• Auditory memory for digits, words, and sentences
  • Filtered Speech, Background noise, and dichotic listening tasks
  • Phonemic Awareness (sound position identification, synthesis, segmentation, rhyming, etc.)
  • Auditory discrimination


Some tests that we select from include in addition to those listed in the language section include: hearing screening with tympanometry, The Test of Auditory Processing Skills (TAPS-3) Auditory Processing Abilities Test (APAT), SCAN-C-3 (Auditory Processing Screening Test) Test of Phonological Awareness, Goldman-Fristoe Test of Auditory Discrimination, C-TOPP2 (Comprehensive Test of Phonological Processing 2) and Phonemic Synthesis Test.

8. Stuttering: We are not currently doing stuttering assessments but will be happy to refer you to a local specialist who does.

9. Supplemental Testing: Many children come to our practice with speech-language evaluations from other speech-language pathologists. In most cases, the information from these evaluations is adequate to begin therapy. However, there are times when other information is needed (such as an in-depth oral-motor evaluation, auditory processing testing, etc.). We will conduct these supplementary tests during your child’s regular therapy session.



Answers to Questions You May Have About the Assessment Process


Q. What if my child screams and cries and won’t do anything the speech pathologist asks him to do?
A. Although rare, this does occasionally happen. We do attempt to establish a rapport with your child and make her comfortable. Usually by the second or third session, the child is more comfortable and less apprehensive about the sessions. Sometimes the child needs a “snack break” to break up the sessions and regroup. However, there are times where a child is simply inconsolable. As stated in the previous section, there is a “maximum” number of hours of scheduled direct time with your child that is included with the assessment fee. All scheduled sessions are counted in this total, regardless of your child’s level of cooperation or speed in responding. We may decide to simply do more informal kinds of assessment early on and save the formal assessment process until your child has settled into the routine and developed a rapport with the therapist. In addition, this might also signal that your child is not ready for the kind of adult-directed therapy that we do, and so we may consider referring out to other professionals for alternative kinds of intervention.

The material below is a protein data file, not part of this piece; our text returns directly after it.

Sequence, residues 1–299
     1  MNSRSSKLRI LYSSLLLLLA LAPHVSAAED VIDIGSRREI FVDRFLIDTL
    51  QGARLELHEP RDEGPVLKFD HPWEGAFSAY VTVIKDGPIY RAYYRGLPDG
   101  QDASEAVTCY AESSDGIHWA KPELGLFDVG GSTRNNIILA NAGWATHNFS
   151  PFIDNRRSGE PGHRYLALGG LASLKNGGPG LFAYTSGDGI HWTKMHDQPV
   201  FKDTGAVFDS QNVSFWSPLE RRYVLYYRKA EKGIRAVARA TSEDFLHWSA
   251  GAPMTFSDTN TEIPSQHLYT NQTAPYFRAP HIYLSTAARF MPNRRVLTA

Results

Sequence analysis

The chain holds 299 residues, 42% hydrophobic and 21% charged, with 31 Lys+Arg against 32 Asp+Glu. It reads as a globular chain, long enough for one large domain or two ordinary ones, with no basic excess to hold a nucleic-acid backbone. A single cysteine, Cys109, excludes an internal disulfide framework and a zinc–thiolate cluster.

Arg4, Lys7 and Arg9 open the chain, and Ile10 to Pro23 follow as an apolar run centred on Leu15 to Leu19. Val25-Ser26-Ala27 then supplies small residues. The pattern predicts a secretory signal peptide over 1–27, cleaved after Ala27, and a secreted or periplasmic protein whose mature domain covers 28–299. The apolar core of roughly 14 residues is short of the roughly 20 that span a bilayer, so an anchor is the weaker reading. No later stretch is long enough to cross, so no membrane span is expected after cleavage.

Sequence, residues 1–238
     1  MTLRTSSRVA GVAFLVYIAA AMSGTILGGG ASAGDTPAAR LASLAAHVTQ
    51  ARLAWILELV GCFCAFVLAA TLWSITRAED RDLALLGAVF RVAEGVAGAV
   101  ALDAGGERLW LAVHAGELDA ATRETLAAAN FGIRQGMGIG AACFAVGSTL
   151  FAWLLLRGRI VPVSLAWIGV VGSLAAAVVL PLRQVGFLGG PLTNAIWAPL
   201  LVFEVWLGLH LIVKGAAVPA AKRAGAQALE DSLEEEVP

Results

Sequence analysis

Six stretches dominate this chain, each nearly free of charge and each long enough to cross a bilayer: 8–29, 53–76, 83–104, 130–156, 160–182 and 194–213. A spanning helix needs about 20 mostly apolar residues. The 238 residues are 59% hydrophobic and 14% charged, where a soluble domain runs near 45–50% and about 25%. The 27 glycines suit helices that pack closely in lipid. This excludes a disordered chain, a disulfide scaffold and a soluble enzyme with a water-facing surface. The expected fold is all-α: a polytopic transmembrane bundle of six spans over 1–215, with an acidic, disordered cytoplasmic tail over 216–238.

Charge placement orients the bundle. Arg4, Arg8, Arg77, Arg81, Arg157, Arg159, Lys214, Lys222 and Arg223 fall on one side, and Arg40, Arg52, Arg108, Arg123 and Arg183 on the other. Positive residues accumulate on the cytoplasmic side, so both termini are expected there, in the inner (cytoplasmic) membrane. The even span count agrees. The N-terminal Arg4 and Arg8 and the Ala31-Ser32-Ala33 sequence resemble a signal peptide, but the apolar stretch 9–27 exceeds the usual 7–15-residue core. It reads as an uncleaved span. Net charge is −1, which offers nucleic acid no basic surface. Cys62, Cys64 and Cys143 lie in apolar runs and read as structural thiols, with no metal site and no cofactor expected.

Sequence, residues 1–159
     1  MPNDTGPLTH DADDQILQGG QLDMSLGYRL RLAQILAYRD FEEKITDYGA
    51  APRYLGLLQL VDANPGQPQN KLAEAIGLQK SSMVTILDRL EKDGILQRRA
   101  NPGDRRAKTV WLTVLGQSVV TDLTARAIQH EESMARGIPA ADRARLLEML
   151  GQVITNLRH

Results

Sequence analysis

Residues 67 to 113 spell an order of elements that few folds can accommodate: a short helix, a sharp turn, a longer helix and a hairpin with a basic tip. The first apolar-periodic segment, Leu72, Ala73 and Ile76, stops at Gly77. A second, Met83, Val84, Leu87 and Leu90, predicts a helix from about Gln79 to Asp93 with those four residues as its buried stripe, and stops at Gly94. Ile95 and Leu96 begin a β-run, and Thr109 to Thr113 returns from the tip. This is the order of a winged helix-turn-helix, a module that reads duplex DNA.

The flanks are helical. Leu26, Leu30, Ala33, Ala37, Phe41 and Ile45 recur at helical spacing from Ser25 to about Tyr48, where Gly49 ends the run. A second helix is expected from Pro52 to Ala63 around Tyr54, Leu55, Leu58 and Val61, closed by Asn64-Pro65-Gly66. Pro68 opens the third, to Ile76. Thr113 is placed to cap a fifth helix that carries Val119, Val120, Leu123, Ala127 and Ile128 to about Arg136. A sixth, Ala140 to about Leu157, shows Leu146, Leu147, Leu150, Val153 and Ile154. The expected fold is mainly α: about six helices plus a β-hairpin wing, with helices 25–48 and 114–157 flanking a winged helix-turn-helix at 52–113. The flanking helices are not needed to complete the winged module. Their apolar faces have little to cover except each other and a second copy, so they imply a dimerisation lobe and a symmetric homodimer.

Q. What if I need to cancel the assessment after I have started the process?
A. Again, this is extremely rare but occasionally parents have family emergencies, unexpected job transfers, or simply decide their child is too fussy to continue. In these cases, you will be charged for the scheduled assessment time up to that point at our usual therapy rate ($188 an hour) and no report will be provided, if we are given at least three days’ notice before the upcoming appointment.

Q. What if I plan to apply for insurance reimbursement?
A. If you plan to seek reimbursement from your health insurance company for an evaluation, you usually must have a written referral from your child’s primary physician before the evaluation. Please be aware that we are not affiliated with any HMO or PPO groups, although many clients receive out-of-network PPO reimbursement or use their company's HSA. Please read our flyer, “If You Intend to Seek Insurance Reimbursement” form.


Q. What if my child is developmentally functioning on a much younger level and is age 5? I don't think he will be able to do all that testing.

A. If your child is not able to participate in the typical assessment process, we do consider this on a case-by-case basis. In some situations, if the child is performing at a much younger age we will consider dropping the fee to be comparable to the testing we do for younger child as the sessions will be fewer and shorter.